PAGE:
Jeremy Peres - Flight Instructor

Aspen Flying Club

Flight Instructor: CFI, CFII, MEI
Certificates Held: Airline Transport Pilot Multi Engine Land, Commercial Single Engine Land, Instrument Rated
Education: University of Florida

Aviation has been a passion of Jeremy’s for as long as he can remember and as a result he flew solo in a Cessna 172 before he ever even drove a car! After earning his Private Pilot Certificate while still in high school, Jeremy attended the University of Florida and after graduation entered into a long career in law enforcement. While working as a Special Agent for the Drug Enforcement Administration (DEA), Jeremy continued to fly in his spare time and eventually his dream came true and was awarded a coveted spot in the DEA Airwing as a Special Agent /Pilot. During his long career Jeremy had the opportunity to fly many different types of aircraft all over the United States but his absolute favorite was flying the DEA turbine Cessna 206 right here in Denver, following the “bad guys” on the ground.

After a long and successful career, Jeremy brings his experience and love of all things aviation to Aspen Flying Club.

“Flying is not a job but rather a passion and a way of life. It gets in your blood. Everything looks better from above.”

5 useful questions to ask an instructor:

Why did you become a flight instructor?
Regardless of the answer, the way an instructor talks about why they fly is what is important. Look for someone that is excited by teaching. They should have a genuine interest in giving others the gift of flight.

How long have you been flight instructing?
Some Instructors have thousands of hours under their belts and have been flight instructing for their entire careers. Others have a few hundred and are just beginning. A seasoned instructor will have a lot of experience but may have a set teaching style. A freshly minted instructor has less aircraft time but is able to relate to common learning obstacles, having undergone their own flight training in the not too distant past. There are advantages to both types of instructor.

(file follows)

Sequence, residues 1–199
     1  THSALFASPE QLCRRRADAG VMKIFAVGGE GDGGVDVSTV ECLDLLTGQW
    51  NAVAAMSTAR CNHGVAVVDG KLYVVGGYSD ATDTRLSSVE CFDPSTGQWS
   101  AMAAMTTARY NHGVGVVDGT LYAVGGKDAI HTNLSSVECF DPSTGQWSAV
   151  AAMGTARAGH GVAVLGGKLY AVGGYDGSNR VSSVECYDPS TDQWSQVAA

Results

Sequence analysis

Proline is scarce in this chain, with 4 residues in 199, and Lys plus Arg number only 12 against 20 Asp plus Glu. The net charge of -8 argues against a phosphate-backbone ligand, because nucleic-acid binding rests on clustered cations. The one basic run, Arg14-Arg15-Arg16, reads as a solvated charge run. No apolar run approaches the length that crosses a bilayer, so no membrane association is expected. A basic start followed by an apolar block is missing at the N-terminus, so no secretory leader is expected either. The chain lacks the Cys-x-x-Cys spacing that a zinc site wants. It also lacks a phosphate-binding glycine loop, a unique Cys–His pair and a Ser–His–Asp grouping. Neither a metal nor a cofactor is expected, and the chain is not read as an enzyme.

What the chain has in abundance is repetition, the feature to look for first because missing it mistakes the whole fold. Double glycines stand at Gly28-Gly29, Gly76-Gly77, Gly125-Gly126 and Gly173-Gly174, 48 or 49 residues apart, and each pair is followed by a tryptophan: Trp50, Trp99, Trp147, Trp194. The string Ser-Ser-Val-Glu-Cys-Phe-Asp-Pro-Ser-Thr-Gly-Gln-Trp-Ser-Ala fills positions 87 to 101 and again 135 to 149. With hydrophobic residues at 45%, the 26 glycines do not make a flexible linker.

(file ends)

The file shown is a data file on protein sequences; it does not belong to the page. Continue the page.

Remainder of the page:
How do you keep track of your student’s progress?
Using a syllabus is essential so that both student and instructor can track progress and milestones so make sure your instructor uses one. Talk to other students and ask them what kind of reading their doing, what books they’re using and the type of homework they’re getting. There should ALWAYS have some type of “homework” assignment at the end of each lesson.

What is your availability?
Some instructors are part-time and work separate jobs during the week. Others are full-time, but may want to have personal and family time on the weekends. Find an instructor with compatible availability. Flying at least twice a week is the best way to progress quickly through accomplishments with less effort and less overall costs. Choosing an instructor that is able to fly on the same schedule helps to keep flight training on a consistent path.

I’ve heard people talk about “stalling an airplane.” Can you tell me what it means?
This is a classic question. Regardless of knowing what an “aircraft stall” is or not, how an instructor explains this concept will give great insight into how they can explain concepts. Are they patient? Do they use simple terminology that is easy to understand? Do they ask questions to make sure their student understands, or do they over simplify to brush off the question? Find an instructor whose instructing style is a good match.